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Hosted PBX Providers for Sale
Hosted PBX is one of technology’s great businesses. Let me count the ways.
First, every company needs a PBX, and CIOs increasingly favor one that's in the cloud. Second, hosted PBX is a young industry. After just two decades on the scene, 18% of all new business phone systems are hosted. Room for industry growth is abundant. Third, hosted PBXs offer good margins all the way down the distribution line. A model hosted PBX provider, and there are many, generates 50-75% gross margin. You only need to examine a hosted PBX company like 8x8 to see the promise. Fourth, hosted providers have a decent sales formula that incorporates gobs of indirect marketing flowing directly into a contact center to close sales. Here’s how it works: Prospective customers see the ads, point their browsers, and click. Vendor contact centers take it from there. The overall process is "demand selling." I’ll come back to this because it’s a dead-end for enterprise customer aspirants.
Two Operating Business Models
At one time I sold large PBXs and networks for a living, before moving up to manage the company sales force that did much of the same thing. The business had a separate operation for small customers. The sales formulas for large and small customers differed, as did certain business operations. While maintaining two models for our multibillion-dollar business was expensive, it worked. And did I say this was a multibillion-dollar business -- with deep, deep pockets?
Demand selling is a good business model for selling to small customers -- up to 30 employees and 20 or so phones. It’s how the hosted PBX industry functions. With demand selling, sales prospects take the lead. They’re driving.
Seventy percent of all hosted business comes over the transom. Sales are small and close quickly -- typically in two weeks. All told, sales average fewer than 15 licenses. As I noted above, these are all demand sales. This is the very definition of demand selling.
Hosted PBX vendor sales and marketing expenses are over the moon. Frequently, selling expenses consume one-half of revenues. Closing large mid-market and enterprise deals requires time, and vendors show little appetite for long sales cycles -- and that’s assuming a CIO’s willingness to buy. Note: CIOs generally surface in businesses with more than 300 employees.
Enterprise hosted PBX sales are different from those made to small businesses. One distinction is the selling cost. However, it’s a red herring. I’ll get to that.
See the chart below for average selling time for small, mid-market and enterprise sales.
A three-month sales cycle (see chart) is an avoidable luxury for any hosted PBX vendor when already half of the annual revenue is eaten away on hundreds or thousands of little two-week sales encounters. But what distinguishes the 10-20 seat hosted sale from the all too common 100-seat premises PBX has less to do with the cloud sales cycle and more with CIO’s expectation of the hosted provider.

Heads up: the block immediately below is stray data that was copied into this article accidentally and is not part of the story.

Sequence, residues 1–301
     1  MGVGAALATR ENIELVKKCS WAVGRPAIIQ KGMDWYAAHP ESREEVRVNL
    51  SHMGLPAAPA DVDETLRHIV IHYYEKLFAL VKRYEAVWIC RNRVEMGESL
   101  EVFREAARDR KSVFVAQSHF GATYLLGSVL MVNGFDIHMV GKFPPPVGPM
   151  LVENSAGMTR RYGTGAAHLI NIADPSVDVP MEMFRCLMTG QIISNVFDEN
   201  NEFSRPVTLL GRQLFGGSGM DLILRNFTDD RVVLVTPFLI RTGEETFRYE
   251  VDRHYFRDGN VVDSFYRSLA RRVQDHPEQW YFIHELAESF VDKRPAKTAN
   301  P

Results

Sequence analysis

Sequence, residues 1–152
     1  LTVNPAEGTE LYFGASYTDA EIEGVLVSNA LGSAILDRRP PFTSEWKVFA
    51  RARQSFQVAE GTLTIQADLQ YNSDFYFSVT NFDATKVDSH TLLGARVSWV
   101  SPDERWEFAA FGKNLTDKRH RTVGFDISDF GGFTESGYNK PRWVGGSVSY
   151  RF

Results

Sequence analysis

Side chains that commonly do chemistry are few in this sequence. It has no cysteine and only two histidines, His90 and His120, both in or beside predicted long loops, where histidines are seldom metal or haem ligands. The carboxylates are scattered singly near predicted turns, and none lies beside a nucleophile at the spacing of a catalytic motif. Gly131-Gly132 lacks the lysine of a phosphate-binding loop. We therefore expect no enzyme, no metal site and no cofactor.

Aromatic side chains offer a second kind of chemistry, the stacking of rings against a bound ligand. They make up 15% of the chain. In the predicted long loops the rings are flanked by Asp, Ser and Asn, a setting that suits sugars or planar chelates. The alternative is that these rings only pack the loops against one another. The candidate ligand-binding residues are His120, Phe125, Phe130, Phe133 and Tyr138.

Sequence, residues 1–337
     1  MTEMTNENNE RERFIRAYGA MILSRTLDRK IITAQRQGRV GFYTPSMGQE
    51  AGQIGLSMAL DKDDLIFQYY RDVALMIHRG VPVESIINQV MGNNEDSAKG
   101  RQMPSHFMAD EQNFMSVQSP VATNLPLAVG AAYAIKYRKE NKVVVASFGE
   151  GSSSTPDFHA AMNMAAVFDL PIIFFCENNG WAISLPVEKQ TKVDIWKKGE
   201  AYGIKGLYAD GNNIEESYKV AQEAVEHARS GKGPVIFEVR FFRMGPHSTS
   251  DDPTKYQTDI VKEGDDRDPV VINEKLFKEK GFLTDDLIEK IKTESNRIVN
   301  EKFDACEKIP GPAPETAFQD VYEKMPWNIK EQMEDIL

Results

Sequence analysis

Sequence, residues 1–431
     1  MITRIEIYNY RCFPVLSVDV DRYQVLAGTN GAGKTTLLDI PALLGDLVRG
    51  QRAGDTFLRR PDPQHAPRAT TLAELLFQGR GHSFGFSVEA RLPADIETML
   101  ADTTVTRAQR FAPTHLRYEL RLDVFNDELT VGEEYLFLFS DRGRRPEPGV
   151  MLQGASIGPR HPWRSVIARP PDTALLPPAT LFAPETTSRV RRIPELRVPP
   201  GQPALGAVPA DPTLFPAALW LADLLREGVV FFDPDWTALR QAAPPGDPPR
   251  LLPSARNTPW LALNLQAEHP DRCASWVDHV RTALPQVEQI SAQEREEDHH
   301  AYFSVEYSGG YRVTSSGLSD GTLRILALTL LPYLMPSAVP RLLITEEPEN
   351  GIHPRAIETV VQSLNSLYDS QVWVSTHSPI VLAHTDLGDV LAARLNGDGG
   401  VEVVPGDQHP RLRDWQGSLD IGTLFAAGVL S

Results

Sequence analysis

Need for Scale
Most hosted PBX organizations are built to support SMBs and not many enterprise customers. The case for tier-one and tier-two carriers with Centrex backgrounds is the outlier. Here’s what’s essential to would-be CIO customers and not comprehensively addressed by cloud providers: how quickly services can scale, global coverage, networks, network engineering, R&D, sales, marketing, OSS, BSS, hiring, managing, training, business practices, and more. All this may be SMB-ready but may fall short of an enterprise IT manager’s expectations. The fix requires operations improvement by hosted PBX vendors, as I’ve seen in the Eastern Management Group’s research and consulting practice.
PBX vendors like Avaya, Cisco, Alcatel-Lucent Enterprise, Unify, or NEC can scale. They have the CIO’s confidence. But the premises PBX providers, by and large, have proven deficient mastering the hosted PBX business. Limitations such as this are a problem whenever CIOs clamor for cloud PBX solutions. In the meantime, the premises PBX business is slipping away from equipment companies.
So, what we’re left with is a hosted PBX industry that isn’t enterprise-ready but must be -- and a premises PBX industry that is ready for everything but the ability to sell hosted PBX to mid-market and small customers.
The Jack Sprat Use Case
The path for hosted PBX and premises PBX companies could be straightforward. Each industry has ability lacked by the other. What does each get from an acquisition of the other?
Premises PBX Providers Give:
- Recognition and acceptance by CIOs
- Mid-market and enterprise customers
- Large average sales, now probably on the order of 60-100 seats
- Lower sales cost per seat
- Increased net profit
- Capital to grow and expand
Hosted Providers Give:
- Running a UCaaS business
- Cloud channel strategy
- Solution demanded by CIOs
- Mid-market and small customers
- Cloud solution to mitigate the decline of premises PBXs
- Ongoing operations
Left alone, both the hosted vendor problem (mid-market and enterprise growth) and the premises PBX problem (sales to mid-market and smaller prospects) won’t be neatly solved. The change will be slow, mergers between hosted PBX companies will happen to reduce operating costs, acquisitions by private equity companies will occur. But the enterprise customer is forgotten.
On the other side of the ledger, the premises PBX vendor sells a hybrid solution to take up some of the slack from an eroding premises PBX business. But it misses the necessary hosted portfolio and skills.
This solution of PBX vendors buying hosted PBX vendors is workable and preferable to most other options.
Eastern Management Group’s new report “Worldwide Hosted PBX Market 2018-2024” influences the above analysis. For questions, please ask our researchers or contact John Malone directly at [email protected].